The 1080 v10 may be a bit too soft (based on the preferences you stated here). Also, I share you concern about the toe spring. I will note that the 1080 v10 is a fantastic & comfortable running shoe. It just may not be the best shoe for your needs. However, we have several options that should help you get back out the door and feeling comfortable. Below is a list with some notes (all of these come in a wide width):
  • Saucony Echelon
    • This shoe is designed to have a more accommodating fit & well suited for orthotics. Also, the Echelon is designed to be comfortable but not overly soft.
  • Brooks Dyad
    • The Dyad is, essentially, Brooks' version of the shoe above. The overall forefoot cushion in this shoe is slightly lower than the Echelon though.
  • Saucony Triumph 18
    • The Triumph has a more "bouncy" softness to it. However, I'd still consider it a soft shoe. So, that may be a downside for you. However, this is the shoe with the most forefoot cushioning of the ones listed here. It is also an all-around Running Warehouse favorite.
  • Mizuno Wave Rider 24
    • This was a great pick by @imnothammer. The Rider is comfortable but a bit firmer than the shoes listed above. The overall design tends to be a bit more stiff with less toe spring.
Please let us know if you have any other questions or if there is any further assistance we can provide.
Thank you,

Justin
RW Staff
 
#4
Hi @Emmalee,

Welcome to the TR Message board!

The 1080 v10 may be a bit too soft (based on the preferences you stated here). Also, I share you concern about the toe spring. I will note that the 1080 v10 is a fantastic & comfortable running shoe. It just may not be the best shoe for your needs. However, we have several options that should help you get back out the door and feeling comfortable. Below is a list with some notes (all of these come in a wide width):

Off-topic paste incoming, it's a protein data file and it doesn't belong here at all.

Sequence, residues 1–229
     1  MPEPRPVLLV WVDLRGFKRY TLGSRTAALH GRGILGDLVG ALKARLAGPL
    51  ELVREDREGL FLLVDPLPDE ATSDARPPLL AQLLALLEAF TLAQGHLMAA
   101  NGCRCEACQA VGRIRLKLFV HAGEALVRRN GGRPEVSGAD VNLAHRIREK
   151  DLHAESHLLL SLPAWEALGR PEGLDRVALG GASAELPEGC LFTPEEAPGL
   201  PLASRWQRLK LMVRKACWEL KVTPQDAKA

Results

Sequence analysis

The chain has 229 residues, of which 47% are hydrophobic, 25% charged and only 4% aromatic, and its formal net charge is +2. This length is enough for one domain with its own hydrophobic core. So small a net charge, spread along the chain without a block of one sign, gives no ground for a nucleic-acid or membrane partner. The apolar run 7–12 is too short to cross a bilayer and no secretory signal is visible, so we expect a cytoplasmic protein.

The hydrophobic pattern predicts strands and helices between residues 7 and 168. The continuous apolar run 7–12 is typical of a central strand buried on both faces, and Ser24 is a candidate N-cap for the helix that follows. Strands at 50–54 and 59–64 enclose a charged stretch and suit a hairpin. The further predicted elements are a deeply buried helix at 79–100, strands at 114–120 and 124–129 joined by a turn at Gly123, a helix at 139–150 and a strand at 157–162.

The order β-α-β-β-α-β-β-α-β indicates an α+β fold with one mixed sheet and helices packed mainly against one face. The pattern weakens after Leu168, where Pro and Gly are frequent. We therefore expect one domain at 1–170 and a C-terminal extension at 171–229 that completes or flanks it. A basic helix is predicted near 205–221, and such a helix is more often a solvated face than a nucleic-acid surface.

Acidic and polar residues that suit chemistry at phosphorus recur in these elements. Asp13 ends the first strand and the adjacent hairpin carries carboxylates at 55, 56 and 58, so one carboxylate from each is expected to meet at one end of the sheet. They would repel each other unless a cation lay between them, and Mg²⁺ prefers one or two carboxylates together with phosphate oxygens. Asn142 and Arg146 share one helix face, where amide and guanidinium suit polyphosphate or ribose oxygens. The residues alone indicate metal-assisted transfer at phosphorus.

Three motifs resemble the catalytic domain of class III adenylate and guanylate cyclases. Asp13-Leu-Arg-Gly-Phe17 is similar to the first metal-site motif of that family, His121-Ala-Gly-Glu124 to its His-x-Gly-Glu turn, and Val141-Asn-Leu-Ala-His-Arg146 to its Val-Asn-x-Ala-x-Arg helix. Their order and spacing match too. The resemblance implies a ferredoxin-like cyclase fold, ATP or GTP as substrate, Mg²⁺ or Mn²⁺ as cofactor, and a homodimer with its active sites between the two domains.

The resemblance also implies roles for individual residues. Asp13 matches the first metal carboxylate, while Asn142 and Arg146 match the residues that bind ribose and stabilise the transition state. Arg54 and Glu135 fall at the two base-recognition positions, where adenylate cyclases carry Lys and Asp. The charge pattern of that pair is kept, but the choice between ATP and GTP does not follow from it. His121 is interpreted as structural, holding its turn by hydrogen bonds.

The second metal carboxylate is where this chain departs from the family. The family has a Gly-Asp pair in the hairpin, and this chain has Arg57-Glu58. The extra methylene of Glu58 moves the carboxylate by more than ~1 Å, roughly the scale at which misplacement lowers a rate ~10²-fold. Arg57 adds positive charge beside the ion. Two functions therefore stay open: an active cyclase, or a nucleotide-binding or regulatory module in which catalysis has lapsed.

• Saucony Echelon
    • This shoe is designed to have a more accommodating fit & well suited for orthotics. Also, the Echelon is designed to be comfortable but not overly soft.
  • Brooks Dyad
    • The Dyad is, essentially, Brooks' version of the shoe above. The overall forefoot cushion in this shoe is slightly lower than the Echelon though.
  • Saucony Triumph 18
    • The Triumph has a more "bouncy" softness to it. However, I'd still consider it a soft shoe. So, that may be a downside for you. However, this is the shoe with the most forefoot cushioning of the ones listed here. It is also an all-around Running Warehouse favorite.
  • Mizuno Wave Rider 24
    • This was a great pick by @imnothammer. The Rider is comfortable but a bit firmer than the shoes listed above. The overall design tends to be a bit more stiff with less toe spring.
Please let us know if you have any other questions or if there is any further assistance we can provide.
Thank you,

Justin
RW Staff
Thank you for the suggestions. This is very helpful! I will be looking into information on these and hopefully making an order soon.